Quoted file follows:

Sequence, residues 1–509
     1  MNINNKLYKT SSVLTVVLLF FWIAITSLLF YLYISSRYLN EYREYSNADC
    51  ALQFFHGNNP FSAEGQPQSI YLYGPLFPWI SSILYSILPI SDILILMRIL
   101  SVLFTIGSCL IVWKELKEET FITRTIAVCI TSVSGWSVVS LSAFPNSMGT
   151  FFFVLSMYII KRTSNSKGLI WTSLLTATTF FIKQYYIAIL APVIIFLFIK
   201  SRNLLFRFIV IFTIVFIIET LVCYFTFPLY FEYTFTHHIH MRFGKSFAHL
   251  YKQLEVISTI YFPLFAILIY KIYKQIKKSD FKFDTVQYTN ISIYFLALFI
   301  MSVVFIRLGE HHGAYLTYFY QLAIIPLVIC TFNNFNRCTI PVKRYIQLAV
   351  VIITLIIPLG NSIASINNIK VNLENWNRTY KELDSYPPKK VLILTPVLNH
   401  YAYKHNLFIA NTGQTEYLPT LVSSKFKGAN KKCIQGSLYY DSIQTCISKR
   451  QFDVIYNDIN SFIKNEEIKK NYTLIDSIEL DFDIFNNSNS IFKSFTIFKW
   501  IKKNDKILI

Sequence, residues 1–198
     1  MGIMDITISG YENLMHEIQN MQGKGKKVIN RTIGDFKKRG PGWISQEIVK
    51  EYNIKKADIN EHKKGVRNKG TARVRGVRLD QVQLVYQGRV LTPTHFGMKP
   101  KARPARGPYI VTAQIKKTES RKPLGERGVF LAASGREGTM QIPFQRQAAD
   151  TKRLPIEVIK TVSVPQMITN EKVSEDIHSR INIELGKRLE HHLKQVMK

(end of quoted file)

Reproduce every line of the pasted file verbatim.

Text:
Sequence, residues 1–509
     1  MNINNKLYKT SSVLTVVLLF FWIAITSLLF YLYISSRYLN EYREYSNADC
    51  ALQFFHGNNP FSAEGQPQSI YLYGPLFPWI SSILYSILPI SDILILMRIL
   101  SVLFTIGSCL IVWKELKEET FITRTIAVCI TSVSGWSVVS LSAFPNSMGT
   151  FFFVLSMYII KRTSNSKGLI WTSLLTATTF FIKQYYIAIL APVIIFLFIK
   201  SRNLLFRFIV IFTIVFIIET LVCYFTFPLY FEYTFTHHIH MRFGKSFAHL
   251  YKQLEVISTI YFPLFAILIY KIYKQIKKSD FKFDTVQYTN ISIYFLALFI
   301  MSVVFIRLGE HHGAYLTYFY QLAIIPLVIC TFNNFNRCTI PVKRYIQLAV
   351  VIITLIIPLG NSIASINNIK VNLENWNRTY KELDSYPPKK VLILTPVLNH
   401  YAYKHNLFIA NTGQTEYLPT LVSSKFKGAN KKCIQGSLYY DSIQTCISKR
   451  QFDVIYNDIN SFIKNEEIKK NYTLIDSIEL DFDIFNNSNS IFKSFTIFKW
   501  IKKNDKILI

Sequence, residues 1–198
     1  MGIMDITISG YENLMHEIQN MQGKGKKVIN RTIGDFKKRG PGWISQEIVK
    51  EYNIKKADIN EHKKGVRNKG TARVRGVRLD QVQLVYQGRV LTPTHFGMKP
   101  KARPARGPYI VTAQIKKTES RKPLGERGVF LAASGREGTM QIPFQRQAAD
   151  TKRLPIEVIK TVSVPQMITN EKVSEDIHSR INIELGKRLE HHLKQVMK